W.A.E. De Beque was one of the first doctors in the Grand Valley region in the late 1880’s, traveling the area to tend to the ailments of the people. The first hospital in Mesa County was open from 1883-1886, just south of the Redlands Canal, where it saw its fair share of unpleasant diseases and injuries.
Myriad of human woes aside – who was taking care of the animals?
Dr. Alston P. Drew was one of the first known veterinarians in Colorado. Born in 1880 in Connecticut, he grew up on a farm which spurred his interest with helping friends of the four-legged variety. After attending the Ontario Veterinary College (the oldest veterinary school in Canada and the United States), he and his wife Marie moved to Grand Junction in 1902 for a change of climate to help alleviate ongoing health issues. When they arrived they had $5 in their pocket, barely enough money to get a little apartment off White Avenue between 3rd Street and 4th Street.
It was here that Dr. Drew first put his studies into action, renting an office space downtown and beginning to advertise his practice. His first call came from De Beque Canyon where a train wreck had left a carload of horses injured and in need of attending. He traveled to the calls on horseback with a satchel full of homemade medicines and medical tools.
Horse and buggy was the main mode of transportation in the early Mesa County days, so keeping the animals healthy and moving was high priority. Dr. Drew took calls from Collbran clear across the Valley to Glade Park. As business flourished, he was able to buy and hand-build a livery stable and barn at 546 Colorado Avenue downtown Grand Junction. This enabled him to have a base where folks could bring their horses and hold them overnight for surgeries or medical observation. He routinely healed injured and sick work horses, and also performed their dentistry. Horse racing became a lifelong passion for the doctor and he helped train many fine race horses. His reputation proceeded him around the region and a fellow Western Slope pioneer called him one of the best race horse doctors in the country.
Decades into Dr. Drew’s business, his assistant quit. In need of help with his busy practice, Dr. Drew turned to his daughter Lillian’s husband, Dr. Russell Paige, to come assist with the veterinary services. In his interview with the Mesa County Oral History Project, Dr. Russell shared that his life in the Grand Valley region began in 1926 when he married Lillian. He had graduated from Colorado Agricultural College in Fort Collins, and came over to learn a great deal about horses from his new boss, Dr. Drew.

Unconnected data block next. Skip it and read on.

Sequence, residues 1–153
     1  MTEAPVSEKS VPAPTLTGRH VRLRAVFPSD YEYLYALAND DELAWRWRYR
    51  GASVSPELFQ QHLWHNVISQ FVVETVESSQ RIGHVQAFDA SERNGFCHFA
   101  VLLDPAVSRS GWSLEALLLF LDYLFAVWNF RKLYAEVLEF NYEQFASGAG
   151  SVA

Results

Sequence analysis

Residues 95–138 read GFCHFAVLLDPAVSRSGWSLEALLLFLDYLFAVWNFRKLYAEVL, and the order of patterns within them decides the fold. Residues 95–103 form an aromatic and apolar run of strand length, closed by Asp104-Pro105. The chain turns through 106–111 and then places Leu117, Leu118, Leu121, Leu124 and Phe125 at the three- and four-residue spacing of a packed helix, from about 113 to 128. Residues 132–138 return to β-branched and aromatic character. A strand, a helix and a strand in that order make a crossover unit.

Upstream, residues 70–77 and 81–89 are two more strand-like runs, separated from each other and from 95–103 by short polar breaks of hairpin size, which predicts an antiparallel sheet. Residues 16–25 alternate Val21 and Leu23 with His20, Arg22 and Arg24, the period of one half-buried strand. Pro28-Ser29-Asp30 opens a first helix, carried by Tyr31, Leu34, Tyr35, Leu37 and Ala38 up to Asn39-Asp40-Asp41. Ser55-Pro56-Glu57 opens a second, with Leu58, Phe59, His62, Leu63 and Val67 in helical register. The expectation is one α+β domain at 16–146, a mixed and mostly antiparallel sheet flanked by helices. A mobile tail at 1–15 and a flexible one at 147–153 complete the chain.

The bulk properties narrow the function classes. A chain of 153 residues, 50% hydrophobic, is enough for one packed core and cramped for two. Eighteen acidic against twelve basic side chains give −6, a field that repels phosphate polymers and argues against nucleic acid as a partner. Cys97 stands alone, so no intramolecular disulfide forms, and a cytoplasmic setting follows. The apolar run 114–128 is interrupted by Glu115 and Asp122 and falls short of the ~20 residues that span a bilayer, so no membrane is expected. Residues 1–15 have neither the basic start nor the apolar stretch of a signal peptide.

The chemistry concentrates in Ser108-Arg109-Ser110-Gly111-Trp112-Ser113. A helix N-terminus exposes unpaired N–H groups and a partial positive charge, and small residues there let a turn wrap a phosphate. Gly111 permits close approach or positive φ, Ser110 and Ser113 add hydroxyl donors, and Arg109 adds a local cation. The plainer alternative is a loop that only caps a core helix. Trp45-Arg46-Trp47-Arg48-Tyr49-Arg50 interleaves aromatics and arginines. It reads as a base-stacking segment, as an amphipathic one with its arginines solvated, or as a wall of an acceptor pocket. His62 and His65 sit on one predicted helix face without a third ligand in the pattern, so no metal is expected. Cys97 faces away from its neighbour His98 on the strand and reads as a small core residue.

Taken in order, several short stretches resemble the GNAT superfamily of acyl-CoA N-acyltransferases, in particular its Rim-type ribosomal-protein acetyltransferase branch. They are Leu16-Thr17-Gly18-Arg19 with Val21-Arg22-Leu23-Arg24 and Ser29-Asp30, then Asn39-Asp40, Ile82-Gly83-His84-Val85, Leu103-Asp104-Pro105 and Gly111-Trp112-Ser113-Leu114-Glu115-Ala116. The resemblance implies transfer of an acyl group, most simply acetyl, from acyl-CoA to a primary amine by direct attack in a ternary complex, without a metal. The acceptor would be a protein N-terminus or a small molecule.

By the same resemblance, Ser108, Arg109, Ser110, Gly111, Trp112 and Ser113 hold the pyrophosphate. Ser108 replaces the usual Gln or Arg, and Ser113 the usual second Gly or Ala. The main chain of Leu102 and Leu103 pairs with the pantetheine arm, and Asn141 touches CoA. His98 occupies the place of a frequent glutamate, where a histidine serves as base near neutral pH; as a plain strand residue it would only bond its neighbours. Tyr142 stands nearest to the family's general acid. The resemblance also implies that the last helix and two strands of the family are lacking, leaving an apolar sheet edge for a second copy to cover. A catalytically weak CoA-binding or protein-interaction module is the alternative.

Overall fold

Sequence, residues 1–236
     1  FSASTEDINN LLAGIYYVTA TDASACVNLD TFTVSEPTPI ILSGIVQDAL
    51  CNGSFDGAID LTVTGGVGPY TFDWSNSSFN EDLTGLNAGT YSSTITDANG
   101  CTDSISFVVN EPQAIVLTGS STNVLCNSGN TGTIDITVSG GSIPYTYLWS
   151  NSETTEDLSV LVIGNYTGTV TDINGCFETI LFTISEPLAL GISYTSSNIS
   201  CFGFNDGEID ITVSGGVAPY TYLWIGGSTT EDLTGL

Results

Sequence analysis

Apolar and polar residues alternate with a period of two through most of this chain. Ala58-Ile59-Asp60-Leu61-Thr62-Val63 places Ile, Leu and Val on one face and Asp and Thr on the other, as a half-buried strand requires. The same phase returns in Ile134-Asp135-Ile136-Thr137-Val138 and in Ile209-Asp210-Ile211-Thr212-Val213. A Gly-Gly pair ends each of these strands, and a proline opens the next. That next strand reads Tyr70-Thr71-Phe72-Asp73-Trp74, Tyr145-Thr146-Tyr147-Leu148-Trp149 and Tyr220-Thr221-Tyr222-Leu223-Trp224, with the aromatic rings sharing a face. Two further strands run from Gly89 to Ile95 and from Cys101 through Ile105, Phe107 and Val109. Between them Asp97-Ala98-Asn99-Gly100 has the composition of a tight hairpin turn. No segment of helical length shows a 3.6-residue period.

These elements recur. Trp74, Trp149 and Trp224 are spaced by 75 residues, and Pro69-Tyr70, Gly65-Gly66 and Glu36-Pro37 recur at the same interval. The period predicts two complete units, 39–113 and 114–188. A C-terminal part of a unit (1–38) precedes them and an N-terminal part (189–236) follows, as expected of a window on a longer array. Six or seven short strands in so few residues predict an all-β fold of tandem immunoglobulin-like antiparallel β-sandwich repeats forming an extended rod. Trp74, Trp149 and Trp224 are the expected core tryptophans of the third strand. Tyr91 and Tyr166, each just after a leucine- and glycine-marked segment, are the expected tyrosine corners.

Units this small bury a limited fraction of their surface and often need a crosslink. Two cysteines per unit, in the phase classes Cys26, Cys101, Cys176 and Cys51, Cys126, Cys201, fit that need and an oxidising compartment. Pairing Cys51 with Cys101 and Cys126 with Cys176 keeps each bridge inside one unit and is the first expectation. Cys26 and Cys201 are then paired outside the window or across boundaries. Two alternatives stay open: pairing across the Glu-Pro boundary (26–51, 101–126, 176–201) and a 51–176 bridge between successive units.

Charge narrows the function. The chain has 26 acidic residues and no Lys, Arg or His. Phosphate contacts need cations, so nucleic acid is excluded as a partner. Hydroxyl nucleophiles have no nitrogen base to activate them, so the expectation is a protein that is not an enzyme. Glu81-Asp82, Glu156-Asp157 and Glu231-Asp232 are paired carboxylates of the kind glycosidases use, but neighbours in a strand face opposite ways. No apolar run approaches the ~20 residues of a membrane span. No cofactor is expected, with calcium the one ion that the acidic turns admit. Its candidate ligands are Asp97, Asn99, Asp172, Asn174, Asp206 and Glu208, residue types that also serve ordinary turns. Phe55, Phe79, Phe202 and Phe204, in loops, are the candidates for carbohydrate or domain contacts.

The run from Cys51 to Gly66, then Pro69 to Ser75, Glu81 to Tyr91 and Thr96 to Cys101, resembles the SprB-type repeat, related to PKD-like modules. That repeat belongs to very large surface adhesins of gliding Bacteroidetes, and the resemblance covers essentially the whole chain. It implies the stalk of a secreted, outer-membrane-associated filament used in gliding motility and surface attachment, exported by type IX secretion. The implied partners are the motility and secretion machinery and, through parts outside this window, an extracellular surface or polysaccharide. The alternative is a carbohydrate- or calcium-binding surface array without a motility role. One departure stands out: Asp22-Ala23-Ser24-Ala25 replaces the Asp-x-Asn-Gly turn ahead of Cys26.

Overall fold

One of Dr. Russell’s first solo jobs was to attend to an ill farm horse while Dr. Drew was on vacation. Dr. Drew left him a medicine kit with lots of elixirs in it, but shockingly, no labels. To quickly adapt to this struggle, Dr. Russell had to smell and taste test nearly all of them to get an idea of their usage. Risky business!
Through out his 50 years of veterinary services, Dr. Russell had success at a huge multitude of job descriptions. He started off helping Dr. Drew and also working for the Bureau of Animal Industry, where he tested thousands of cattle for tuberculosis all over the western side of the state. Testing was often done in wintertime on range cattle in tremendous cold in the high country. The doctors would drive a Model-T ford to their cabin accommodations, where they had to drain the radiator each evening, set the fluid on the stove, and warm it for the morning to be able to safely drive the next day.
In the 1930’s-1940’s, an illness simply referred to as “sleeping sickness” spread through the Colorado horse population like wildfire. Dr. Russell said he thinks it first spread to Mesa County due to the visitation of the Barnum and Bailey circus. This virus was transmitted through mosquito bites, causing an inflammation of the brain and spinal cord that led to the inevitable death of many prized horses. A panic arose to vaccinate the horses to stop the spread and save many settlers from financial loss of their trusty steeds. Vaccinating the sick, sleepy horses kept Dr. Russell busy for many years.
Still an issue today that started back in the 1930’s, some horse owners turned to corrupt and incredibly unhealthy method of “doping” their race horses to perform faster on the track. Heroin, whiskey, and coffee were all forced upon horses back in the day, which Dr. Russell would attempt to cure and combat with a cider syrup, cough medicines, and other elixirs.
Near the end of Dr. Russell’s career, he encouraged education by working for Mesa College at their agricultural training farm. He provided lectures on animal husbandry, immunizations, and dairying to help educate eager-to-learn agricultural intellectuals in the Grand Valley. There’s no doubt that he and Dr. Drew were responsible for a great deal of progress in Mesa County, and helped pave the way for future veterinarians.